Investment banks across the globe earned record fees during the first quarter of 2021 as companies rushed to raise money from bonds and buoyant equity markets, according to Refinitiv.
The amount of fees generated by investment banks during the quarter rose to $39.4bn – the highest since records began and a 45 per cent increase on the same quarter last year, the financial data company said in its quarterly Global Investment Banking Review.
“Powered by record issuance” on equity capital markets, including initial public offerings and money raised through special purpose acquisition companies, or Spacs, the fees earned by bankers advising on such deals surged four-fold year-on-year to $15.2bn. Fees for advising on bond issues climbed 4 per cent to $11bn and for syndicated loan arranging rose 6 per cent to $5.5bn. Earnings for advising on mergers and acquisitions work, however, fell 1 per cent to $7.7bn.
“The Americas contributed 59 per cent of all fees generated globally with $23.2bn, a 70 per cent uptick compared to 2020 levels and the highest percentage since 2000,” according to the report.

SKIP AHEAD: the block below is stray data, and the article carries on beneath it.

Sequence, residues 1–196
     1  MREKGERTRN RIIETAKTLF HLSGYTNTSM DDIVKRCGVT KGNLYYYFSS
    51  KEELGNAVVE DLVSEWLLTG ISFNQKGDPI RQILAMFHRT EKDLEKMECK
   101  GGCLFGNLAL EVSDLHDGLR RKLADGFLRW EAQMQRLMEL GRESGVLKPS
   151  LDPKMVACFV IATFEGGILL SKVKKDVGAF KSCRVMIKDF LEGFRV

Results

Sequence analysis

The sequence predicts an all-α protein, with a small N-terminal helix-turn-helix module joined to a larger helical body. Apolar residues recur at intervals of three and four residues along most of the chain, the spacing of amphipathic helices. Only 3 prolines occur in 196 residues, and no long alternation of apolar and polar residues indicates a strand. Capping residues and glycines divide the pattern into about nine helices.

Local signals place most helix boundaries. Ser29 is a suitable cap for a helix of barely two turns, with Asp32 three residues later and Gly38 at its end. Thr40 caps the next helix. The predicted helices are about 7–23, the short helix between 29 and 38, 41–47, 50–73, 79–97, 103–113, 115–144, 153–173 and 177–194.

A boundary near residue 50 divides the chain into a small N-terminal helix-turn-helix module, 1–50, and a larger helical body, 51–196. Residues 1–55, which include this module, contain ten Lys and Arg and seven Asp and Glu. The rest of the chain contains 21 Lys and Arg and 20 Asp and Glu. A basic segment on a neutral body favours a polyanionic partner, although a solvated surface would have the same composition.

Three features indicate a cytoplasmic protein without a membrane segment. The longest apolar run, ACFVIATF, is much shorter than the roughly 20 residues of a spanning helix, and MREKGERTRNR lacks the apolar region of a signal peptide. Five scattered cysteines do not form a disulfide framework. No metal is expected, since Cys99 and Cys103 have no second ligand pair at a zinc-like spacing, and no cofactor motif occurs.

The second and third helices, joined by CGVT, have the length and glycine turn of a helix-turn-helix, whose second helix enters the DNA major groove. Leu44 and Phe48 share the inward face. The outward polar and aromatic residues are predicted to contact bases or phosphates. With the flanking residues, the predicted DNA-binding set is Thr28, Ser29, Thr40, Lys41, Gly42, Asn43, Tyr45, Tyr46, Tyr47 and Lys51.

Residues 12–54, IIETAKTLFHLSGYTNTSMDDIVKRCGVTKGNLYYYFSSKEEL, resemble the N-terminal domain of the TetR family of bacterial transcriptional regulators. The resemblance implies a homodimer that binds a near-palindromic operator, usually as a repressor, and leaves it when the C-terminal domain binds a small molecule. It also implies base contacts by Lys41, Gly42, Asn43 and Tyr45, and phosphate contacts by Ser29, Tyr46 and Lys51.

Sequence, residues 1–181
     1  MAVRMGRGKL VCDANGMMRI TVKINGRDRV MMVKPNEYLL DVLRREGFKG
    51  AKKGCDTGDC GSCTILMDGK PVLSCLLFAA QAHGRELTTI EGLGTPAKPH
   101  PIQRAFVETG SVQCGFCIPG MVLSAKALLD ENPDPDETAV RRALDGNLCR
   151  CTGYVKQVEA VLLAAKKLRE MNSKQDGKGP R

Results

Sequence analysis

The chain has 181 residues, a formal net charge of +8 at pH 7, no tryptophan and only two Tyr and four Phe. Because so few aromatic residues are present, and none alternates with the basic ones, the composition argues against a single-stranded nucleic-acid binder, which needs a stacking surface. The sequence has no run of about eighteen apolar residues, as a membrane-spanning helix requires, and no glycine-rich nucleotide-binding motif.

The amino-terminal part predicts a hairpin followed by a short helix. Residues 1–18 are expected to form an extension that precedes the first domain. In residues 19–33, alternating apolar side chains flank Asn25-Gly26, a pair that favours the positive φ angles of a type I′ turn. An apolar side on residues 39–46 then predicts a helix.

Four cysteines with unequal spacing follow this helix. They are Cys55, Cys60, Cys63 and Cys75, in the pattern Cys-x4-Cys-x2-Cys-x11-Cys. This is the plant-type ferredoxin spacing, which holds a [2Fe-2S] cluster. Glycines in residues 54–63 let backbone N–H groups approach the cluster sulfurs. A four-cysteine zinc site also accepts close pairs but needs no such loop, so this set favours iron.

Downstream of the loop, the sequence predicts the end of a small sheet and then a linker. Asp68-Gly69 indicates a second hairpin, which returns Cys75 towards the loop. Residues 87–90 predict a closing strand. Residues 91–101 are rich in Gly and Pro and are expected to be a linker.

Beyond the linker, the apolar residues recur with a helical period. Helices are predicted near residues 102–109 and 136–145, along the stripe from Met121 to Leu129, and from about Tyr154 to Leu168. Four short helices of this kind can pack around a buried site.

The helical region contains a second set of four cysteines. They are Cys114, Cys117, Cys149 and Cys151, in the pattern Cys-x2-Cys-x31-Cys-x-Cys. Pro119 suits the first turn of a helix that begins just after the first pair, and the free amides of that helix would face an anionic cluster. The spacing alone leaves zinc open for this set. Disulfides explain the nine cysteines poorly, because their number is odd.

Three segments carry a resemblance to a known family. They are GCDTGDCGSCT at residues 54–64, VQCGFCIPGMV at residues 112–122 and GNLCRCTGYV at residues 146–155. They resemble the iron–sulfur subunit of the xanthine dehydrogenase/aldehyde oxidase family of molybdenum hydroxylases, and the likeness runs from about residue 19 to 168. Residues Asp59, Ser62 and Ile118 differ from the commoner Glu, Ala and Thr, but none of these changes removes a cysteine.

Fees generated in the Europe, Middle East and Africa region grew 27 per cent to $8.1bn, driven by gains in the UK & Ireland.
The Middle East region also witnessed a 46 per cent jump in fees earned to $342 million, according to Refinitiv.
Globally, the top five investment banks earned just over one-third, or 34 per cent, of the fees generated. JP Morgan was the busiest bank in the quarter, generating 8 per cent of total fees earned, followed by Goldman Sachs with 7.9 per cent. Morgan Stanley with 6.3 per cent of fees earned, Citi with 5.9 per cent and BofA Securities with 5.5 per cent made up the top five.
The boom in the use of Spacs, also known as “blank cheque” companies, led to a 70 per cent surge in the amount of fees generated from the financial sector to $14.2bn. Advisory work for technology companies more than doubled to nearly $3.9bn.
Investment banking and capital markets activity “should continue to bolster” the earnings of the 12 global trading and universal banks this year, with US-based institutions “better placed than their European peers to benefit” from the increase in capital markets activity, Fitch Ratings said in a report on March 23.
“Capital and financing needs, together with monetary and fiscal stimulus underpinning market valuations and liquidity, should continue to support these businesses,” the ratings agency said.